About three-quarters of Advancing Denver’s haul has been spent on TV advertising in support of Johnston, with the remainder spent on digital ads and mail.

Johnston and Brough had raised roughly equal amounts in direct contributions through the end of April, reporting total receipts of $932,060 and $895,612, for their campaign committees, respectively.

A Better Denver, the independent expenditure committee supporting Brough, has struggled to raise large sums since the April 4 first-round election, adding just $211,650 to the $1 million it had previously raised in February and March.

To date, the group’s top donor during the runoff is Pete Coors, former Republican nominee for U.S. Senate and prolific donor to conservative causes. Coors gave $50,000 to A Better Denver on April 24. Other top donors to the pro-Brough PAC have included real estate interests like the National Association of Realtors, Colorado Construction Industry Coalition and developer Lloyd Fulenwider.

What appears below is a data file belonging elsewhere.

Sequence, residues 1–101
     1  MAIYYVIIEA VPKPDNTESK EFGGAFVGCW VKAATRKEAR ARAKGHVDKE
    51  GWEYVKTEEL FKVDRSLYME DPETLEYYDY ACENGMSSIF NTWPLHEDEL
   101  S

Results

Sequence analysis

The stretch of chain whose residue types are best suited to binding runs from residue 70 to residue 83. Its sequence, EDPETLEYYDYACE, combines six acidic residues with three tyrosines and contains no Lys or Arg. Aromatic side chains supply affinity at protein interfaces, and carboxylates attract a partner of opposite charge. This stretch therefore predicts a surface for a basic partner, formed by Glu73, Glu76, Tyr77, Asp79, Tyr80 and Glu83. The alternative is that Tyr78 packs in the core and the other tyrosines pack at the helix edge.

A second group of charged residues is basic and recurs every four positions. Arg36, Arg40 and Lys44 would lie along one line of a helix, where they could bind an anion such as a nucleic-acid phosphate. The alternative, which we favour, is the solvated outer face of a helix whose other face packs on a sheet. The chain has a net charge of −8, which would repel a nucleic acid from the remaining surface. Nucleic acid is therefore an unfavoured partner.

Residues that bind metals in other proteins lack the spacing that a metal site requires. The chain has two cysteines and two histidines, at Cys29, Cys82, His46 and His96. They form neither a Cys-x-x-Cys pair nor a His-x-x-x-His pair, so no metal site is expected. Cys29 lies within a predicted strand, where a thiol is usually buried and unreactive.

The Apartment Association of Metro Denver, a landlord group, has made contributions to both candidates. After giving $25,000 to Brough in February, the group followed up with another $10,000 contribution to Brough in late April, and a $10,000 contribution to Johnston a week later.

Ballots for the city’s runoff election were mailed earlier this month. Voters can return their ballot to a 24-hour drop box or vote in person until 7 p.m. on June 6.


Susana Cordova, former superintendent of Denver schools, will be Colorado’s next education commissioner

Erica Breunlin and Jesse Paul

9:13 AM MDT on May 30, 2023

Denver Public Schools superintendent Susana Cordova at DPS headquarters on April 3, 2020. (Andy Cross, The Denver Post via The Associated Press)

The state’s Board of Education on Monday named Susana Cordova as the sole finalist among 23 applicants after a unanimous vote. Her appointment is expected to be formalized when the board next meets.

State Board Chairwoman Rebecca McClellan told The Colorado Sun “We really appreciated her sharp focus on results for students and outcomes for students with an eye toward equity,”